I have received many such comments and emails from people, and I shudder every single time. I wanted to know if I was the only one, so asked some people out in the social web, how this phrase hits them, and I got some great answers, I had to share some of the quotes:
"Anyone I have EVER heard make that statement doesn't love "the sinner". I've seen and experienced really evil stuff having been done to people by those who have said those very words. Enough that I believe they are a farce."
"Those of us on the receiving end of this philosophy rarely experience the love, but we certainly reap the hate."
"For me, it comes across as shallow and self-righteous. It's supposed to sound benevolent, but has a arrogant ring to it. I think it should be, "Love the sinner and hate your OWN sin".
"The only way I can explain it is to explain how being in a gay relationship is so very different in so many ways, from other things that are called "sin." In the conversation, their defense always ends up being, "Well, then we'd have to say we don't hate child molestation, rape, or murder." It reveals a broken moral compass------unable to tell the difference between a harmful act and a harmless one. It makes me want to report them to child services."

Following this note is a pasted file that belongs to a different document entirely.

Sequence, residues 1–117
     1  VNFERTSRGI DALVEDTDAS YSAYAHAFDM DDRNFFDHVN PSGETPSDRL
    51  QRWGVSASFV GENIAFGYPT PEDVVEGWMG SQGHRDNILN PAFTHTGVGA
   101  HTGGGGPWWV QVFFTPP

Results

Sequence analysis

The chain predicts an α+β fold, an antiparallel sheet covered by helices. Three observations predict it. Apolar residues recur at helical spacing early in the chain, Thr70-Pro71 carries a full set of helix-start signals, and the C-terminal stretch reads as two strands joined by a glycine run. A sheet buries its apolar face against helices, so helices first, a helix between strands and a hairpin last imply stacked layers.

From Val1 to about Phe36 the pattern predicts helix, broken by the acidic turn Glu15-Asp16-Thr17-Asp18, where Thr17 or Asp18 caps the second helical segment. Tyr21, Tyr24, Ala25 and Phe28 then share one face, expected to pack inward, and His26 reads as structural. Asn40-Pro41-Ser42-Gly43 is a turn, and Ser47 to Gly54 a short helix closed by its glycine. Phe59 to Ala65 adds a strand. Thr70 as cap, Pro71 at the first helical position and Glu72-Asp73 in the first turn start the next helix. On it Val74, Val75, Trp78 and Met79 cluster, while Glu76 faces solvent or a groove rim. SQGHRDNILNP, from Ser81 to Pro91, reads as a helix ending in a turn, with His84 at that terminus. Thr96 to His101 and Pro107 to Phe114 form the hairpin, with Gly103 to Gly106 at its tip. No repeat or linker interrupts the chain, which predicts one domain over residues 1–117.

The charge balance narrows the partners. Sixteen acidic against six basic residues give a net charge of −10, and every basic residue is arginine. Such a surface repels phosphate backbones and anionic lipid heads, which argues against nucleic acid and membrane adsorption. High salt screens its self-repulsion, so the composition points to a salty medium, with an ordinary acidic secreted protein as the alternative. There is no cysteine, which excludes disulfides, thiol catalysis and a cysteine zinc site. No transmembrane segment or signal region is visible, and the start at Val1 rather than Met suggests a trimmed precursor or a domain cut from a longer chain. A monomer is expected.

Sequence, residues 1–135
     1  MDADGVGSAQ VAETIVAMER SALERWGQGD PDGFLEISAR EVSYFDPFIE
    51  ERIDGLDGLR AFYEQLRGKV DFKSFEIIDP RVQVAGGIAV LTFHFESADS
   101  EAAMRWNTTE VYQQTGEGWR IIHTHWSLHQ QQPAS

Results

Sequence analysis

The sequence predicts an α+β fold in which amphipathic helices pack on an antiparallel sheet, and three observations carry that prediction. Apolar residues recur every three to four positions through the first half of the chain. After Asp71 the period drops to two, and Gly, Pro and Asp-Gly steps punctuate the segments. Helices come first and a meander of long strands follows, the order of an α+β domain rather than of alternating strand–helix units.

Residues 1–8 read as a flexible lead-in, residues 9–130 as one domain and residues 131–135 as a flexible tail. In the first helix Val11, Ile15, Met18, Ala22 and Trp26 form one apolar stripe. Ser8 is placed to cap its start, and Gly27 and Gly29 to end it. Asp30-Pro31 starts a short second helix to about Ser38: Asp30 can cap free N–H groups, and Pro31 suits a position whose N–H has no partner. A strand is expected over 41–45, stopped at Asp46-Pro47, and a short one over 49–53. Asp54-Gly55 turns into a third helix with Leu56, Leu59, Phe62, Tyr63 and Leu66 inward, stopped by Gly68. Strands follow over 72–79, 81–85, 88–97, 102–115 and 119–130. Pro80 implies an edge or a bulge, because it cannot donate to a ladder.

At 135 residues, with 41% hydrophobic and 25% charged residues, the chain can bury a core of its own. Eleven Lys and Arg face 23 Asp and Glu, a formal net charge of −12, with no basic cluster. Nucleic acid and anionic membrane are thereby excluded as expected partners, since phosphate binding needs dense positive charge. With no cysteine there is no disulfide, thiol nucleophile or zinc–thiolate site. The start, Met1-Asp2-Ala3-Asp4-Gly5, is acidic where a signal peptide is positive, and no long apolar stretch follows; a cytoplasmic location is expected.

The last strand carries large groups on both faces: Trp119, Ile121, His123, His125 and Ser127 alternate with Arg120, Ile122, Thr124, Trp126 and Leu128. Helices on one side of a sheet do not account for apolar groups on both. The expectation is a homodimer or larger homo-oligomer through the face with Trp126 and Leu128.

"It smacks of the "I'm OK but you're not," attitude...And it shows a lack of unconditional love."
"It is, and has always been a "not so subtle", statement of smug moral superiority."
We have gotten many comments recently, saying how while they don't think homosexuality is wrong, it's OK to be gay, just don't associate the word Coptic or Christian with it. I won't even get into this, but for a moment consider the statement.
I know the phrase this article is about, will be told to me time and time again, and with each time I tire more and more of hearing it. But until people can be humbled enough to know that they may not have all the answers and they can see themselves as equals, even with us gay people, this dividing line will continue to be placed. To go back to the original meaning of the quote, before it became bastardized by the masses, that while there are atrocities, judgements, and pain being inflicted, that we stand strong and do not repay an eye for an eye. That we can separate this immature and fearful thinking from the scared and unsure human being behind it. That we don't lose the sense of humanity in those who want to strip our dignity.
If you are one of those people who uses this phrase, think again before using it again. Find another way of saying that you love your brother or sister. You don't have to remind us that you are against homosexuality, we already know. But if you love, then just love. End of story.
Even if His Grace Bishop Youssef tells you otherwise.
And to those who are being put down, remember this:
"See to it that no one takes you captive by nphilosophy and oempty deceit, according to phuman tradition, according to the qelemental spirits1 of the world, and not according to Christ. 9 For rin him the whole fullness of deity dwells sbodily, 10 and tyou have been filled in him, who is uthe head of all rule and authority. " - Colossians 2:8-11